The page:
I was reading someone's post today at SecularHomeschool.com, about a Study that had been done by giving standardized tests to homeschooled and public schooled children. Structured homeschoolers came in first, public schoolers second, and unschoolers came in way last. I wrote this as a comment, but then decided to post it here. I've written about this before, in tids and tads, but here is my conclusion today about unschooling:
I've been feeling rather insecure about my approach being "too" structured, especially when I read unschoolers' blogs. See, if I had been given the option at age 8, I hated school and would have totally gone for a full-on arts curriculum. So, I would have thought that I would totally be into unschooling my child, but to my great surprise - it has been quite the opposite.We are, though, going to try a bit of unschooling this October, as mentioned in a previous post. I do like the idea of it, and if it works in October, I'd like to try doing a month or two of self-guided learning each year, but not year-round. Are you an unschooler? What are your thoughts? Are you an Einstein-like super nerd parent, or just a regular joe academically?
I grew up to be an artist, but good writing skills did come in very handy when I needed to write grants to get my projects funded. (Language Arts was the one class in school that I actually paid any attention to.) So, I explained this to my son when we started homeschooling and told him that as soon as he felt a strong pull in any one direction, we would give it priority, just as if there was something he didn't like, we could mostly skip it.
I also explained that if we didn't do science now (for instance), and he then realized that he wanted to become an astronaut or a marine biologist, that it would take a lot of work to catch up. His response was, and remains to be, that there isn't anything that we're doing (and we're doing all the subjects that he would be doing in school, and more) that he doesn't like, and that he wants to keep doing them all.
I knew I wanted to be a dancer when I was his age, and was never really interested in anything else. My husband, on the other hand, is one of those people who just soaks up everything. Now, I am a specialist in one area, and my husband is a generalist and can do lots of things. This is fine, we need both kinds of people in the world. Problem is, my knees gave out on me this year and Bam! - I can't dance anymore. Some children might know from a very young age what they want to do and might feel a very strong passion in one specific area - like Beethoven. But I don't think it's healthy to limit them to that, as there is not an expiration date for changing one's mind in life, and the absolute worst is being stuck in something you don't - or no longer - love.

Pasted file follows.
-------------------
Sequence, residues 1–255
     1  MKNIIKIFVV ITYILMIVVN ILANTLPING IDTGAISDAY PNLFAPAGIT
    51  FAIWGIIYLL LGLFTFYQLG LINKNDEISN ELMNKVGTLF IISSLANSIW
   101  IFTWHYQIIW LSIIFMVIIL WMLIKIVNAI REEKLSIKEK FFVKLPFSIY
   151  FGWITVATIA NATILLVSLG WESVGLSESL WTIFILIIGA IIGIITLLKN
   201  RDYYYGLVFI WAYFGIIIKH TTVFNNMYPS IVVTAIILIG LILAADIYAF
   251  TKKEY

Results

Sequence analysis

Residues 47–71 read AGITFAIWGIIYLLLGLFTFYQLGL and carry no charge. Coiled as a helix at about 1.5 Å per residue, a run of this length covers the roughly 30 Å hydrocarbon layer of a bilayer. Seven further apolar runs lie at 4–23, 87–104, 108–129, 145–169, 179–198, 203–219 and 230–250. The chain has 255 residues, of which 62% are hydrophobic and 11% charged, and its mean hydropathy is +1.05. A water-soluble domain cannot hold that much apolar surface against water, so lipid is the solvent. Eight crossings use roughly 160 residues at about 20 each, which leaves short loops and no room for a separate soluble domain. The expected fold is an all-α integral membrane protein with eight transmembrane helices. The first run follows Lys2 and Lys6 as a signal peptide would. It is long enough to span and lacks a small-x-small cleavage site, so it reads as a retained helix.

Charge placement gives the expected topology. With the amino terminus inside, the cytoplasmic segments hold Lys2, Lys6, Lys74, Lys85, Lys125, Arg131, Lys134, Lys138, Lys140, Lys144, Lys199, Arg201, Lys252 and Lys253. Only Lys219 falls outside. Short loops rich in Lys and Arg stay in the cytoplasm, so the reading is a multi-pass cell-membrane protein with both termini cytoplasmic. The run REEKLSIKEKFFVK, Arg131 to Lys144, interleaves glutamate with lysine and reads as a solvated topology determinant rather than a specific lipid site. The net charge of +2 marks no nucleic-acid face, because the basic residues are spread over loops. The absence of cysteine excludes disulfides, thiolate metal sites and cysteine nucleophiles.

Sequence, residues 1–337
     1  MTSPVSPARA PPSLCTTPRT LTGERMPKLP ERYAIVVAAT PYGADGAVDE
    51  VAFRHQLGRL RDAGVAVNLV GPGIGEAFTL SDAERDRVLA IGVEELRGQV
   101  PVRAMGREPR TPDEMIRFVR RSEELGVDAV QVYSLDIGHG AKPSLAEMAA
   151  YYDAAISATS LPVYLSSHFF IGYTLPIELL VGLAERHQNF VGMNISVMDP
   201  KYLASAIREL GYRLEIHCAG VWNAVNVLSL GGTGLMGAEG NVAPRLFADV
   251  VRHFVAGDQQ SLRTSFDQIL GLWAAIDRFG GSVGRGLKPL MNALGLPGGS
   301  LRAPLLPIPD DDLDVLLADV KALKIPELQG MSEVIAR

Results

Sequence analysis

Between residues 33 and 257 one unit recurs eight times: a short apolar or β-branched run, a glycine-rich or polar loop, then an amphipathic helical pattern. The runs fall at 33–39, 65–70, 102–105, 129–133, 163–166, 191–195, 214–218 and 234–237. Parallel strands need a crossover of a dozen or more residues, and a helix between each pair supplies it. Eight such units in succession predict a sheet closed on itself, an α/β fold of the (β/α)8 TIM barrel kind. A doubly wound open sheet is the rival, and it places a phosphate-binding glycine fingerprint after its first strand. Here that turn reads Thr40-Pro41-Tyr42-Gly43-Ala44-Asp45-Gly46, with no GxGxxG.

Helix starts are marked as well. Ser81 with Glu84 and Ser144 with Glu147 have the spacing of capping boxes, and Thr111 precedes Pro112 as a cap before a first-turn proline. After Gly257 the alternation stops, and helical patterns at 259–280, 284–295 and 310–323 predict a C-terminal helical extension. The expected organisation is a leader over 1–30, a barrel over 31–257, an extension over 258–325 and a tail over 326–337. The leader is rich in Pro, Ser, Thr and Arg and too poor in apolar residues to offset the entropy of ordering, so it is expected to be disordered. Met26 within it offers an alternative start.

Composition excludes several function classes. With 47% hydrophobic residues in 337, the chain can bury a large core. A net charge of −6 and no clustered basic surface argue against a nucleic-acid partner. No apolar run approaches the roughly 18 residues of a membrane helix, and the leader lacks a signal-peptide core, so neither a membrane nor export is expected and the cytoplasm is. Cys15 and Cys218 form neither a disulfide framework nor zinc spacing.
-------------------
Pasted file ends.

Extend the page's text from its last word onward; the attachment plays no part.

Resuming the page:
My son is truly interested in everything, not because he doesn't have any defined passions (he has many), but because we make all of our classes exciting. I am learning math and science all over again because I didn't learn much the first time around, because it was presented in such a boring way. The advantage is that there is lots of stuff that it is NEW to me, just like it is to him, so he sees me learning, being curious, and searching for answers and explanations. Now I'm like: "Wow, that's so cool! Why did I hate it so much as a child in school? Why was it so hard for most of my teachers to show me how interesting this is?" I think that is the main goal - to keep it interesting, and it is a full-time job, unless you are an all-around genius, which I am not. Giving my son a dance class or inspiring him to write a good story are not difficult for me, but some of the other subjects are very challenging and demand that I put in extra time to study them alone first.
Maybe if I already knew everything, and knew all the names and definitions for things by heart, maybe then unschooling works. If you were to just hang out all day long with Einstein you would probably learn a lot more than by structured learning with a regular person. But not all homeschooling parents are Einsteins (I definitely am not). However, I do think I've run into some extremely inspired and dedicated Einstein-like unschooling parents out there whose children probably will pass their SAT's with no trouble, becoming another example of an unschooled full-scholarship to a top university success story and motivation for other families wanting to unschool. But again, I am not one of them.